The function \(y=\frac{1}{2}x+3\) is graphed below. Use the graph to identify the y-intercept.

y-intercept = 3

y-intercept = 2

y-intercept = 4

y-intercept = \(\frac{1}{2}\)

**Answer:**

The correct answer is A. The y-intercept is the point where the graph crosses the y-axis. When studying the graph above, notice that the line crosses the y-axis at (0, 3), so 3 is the y-intercept.

**Question #2:**

Which variable represents the y-intercept for a quadratic equation in standard form:

y = ax^{2} + bx + c

*a*

*b*

*c*

*y*

**Answer:**

The correct answer is C. In a quadratic equation, the variable c represents the y-intercept. This is the point where the graph intersects the y-axis.

**Question #3:**

Without graphing, identify the y-intercept for the function \(y=-4x+\frac{1}{2}\)

2

4

**Answer:**

The correct answer is D. When a function is in slope-intercept form, the y -intercept can quickly be identified because it is represented by the variable b. In this example, b is \(\frac{1}{2}\), therefore the y-intercept is \(\frac{1}{2}\).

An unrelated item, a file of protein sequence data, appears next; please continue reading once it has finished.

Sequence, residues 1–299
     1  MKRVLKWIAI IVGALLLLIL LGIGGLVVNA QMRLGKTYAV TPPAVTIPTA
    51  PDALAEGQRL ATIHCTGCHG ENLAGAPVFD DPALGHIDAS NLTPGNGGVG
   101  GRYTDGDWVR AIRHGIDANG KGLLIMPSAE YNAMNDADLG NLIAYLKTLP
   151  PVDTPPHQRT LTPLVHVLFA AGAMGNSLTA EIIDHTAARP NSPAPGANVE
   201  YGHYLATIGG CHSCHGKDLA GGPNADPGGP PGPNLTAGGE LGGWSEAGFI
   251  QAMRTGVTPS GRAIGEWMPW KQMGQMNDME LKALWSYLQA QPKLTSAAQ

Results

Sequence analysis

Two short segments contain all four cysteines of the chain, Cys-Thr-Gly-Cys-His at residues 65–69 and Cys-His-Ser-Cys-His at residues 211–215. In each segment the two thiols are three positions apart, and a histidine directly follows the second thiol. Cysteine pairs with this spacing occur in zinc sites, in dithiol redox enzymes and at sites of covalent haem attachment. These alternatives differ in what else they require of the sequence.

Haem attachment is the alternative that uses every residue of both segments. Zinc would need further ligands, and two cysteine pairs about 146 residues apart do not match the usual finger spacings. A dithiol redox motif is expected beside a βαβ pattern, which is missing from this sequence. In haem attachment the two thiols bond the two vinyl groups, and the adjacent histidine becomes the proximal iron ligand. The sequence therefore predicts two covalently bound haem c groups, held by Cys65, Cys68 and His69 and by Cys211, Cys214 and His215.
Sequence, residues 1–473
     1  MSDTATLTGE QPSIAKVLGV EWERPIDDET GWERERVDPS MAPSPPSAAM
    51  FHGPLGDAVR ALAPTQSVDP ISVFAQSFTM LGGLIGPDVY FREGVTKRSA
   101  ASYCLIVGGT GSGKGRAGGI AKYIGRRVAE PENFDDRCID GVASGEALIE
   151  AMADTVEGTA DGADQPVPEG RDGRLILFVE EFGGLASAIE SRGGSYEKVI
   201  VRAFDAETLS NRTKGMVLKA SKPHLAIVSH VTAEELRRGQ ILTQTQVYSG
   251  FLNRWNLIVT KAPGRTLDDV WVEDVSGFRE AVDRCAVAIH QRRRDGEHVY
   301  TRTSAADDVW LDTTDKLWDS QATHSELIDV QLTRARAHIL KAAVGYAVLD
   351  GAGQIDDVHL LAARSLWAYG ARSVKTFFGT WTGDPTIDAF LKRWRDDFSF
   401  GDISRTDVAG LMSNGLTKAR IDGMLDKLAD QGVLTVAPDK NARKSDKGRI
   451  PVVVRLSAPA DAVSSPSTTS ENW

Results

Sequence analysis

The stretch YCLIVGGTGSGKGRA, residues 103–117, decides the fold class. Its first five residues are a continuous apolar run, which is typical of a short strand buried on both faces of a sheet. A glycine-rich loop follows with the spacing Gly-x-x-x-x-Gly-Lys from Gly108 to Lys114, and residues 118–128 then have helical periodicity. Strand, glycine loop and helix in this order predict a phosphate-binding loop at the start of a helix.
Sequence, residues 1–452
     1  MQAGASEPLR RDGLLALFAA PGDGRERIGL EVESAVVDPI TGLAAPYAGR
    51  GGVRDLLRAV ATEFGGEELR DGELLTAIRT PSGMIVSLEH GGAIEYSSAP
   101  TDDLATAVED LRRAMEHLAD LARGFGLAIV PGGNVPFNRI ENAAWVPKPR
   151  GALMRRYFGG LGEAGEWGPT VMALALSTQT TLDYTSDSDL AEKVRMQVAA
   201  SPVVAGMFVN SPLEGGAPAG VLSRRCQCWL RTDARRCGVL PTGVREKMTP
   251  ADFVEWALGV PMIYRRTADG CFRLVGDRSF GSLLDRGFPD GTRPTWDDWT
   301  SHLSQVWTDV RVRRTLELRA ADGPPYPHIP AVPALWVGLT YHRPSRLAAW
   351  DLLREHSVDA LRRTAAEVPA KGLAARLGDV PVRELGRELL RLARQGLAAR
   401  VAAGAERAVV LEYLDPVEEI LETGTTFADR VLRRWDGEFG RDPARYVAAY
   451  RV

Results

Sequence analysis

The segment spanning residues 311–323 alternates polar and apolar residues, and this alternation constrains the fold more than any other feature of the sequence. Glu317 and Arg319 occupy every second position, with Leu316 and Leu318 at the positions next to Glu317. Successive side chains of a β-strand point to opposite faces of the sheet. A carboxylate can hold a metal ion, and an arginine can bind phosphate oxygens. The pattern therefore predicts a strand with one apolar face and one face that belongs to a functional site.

**Question #4:**

The quadratic equation y = -3x^{2} – 3x + 1 is graphed below. What is the y-intercept?

y-intercept = 0

y-intercept = 1

y-intercept = 0.25

y-intercept = -1.5

**Answer:**

The correct answer is B. The y-intercept is the point where the graph crosses the y-axis. When studying the graph above, notice that the line crosses the y-axis at 1, so 1 is the y-intercept.

**Question #5:**

Which equation is represented by the graph below? Use your understanding of y -intercept to determine your answer.

**Answer:**

The correct answer is B. The quadratic equation \(y=2x^2-3x+4\) is written in standard form. This makes it easier to identify the y-intercept, because c always represents the y-intercept. The graph shows a quadratic equation that intersects the y-axis at 4, and the only equation where c is equal to 4 is Choice B.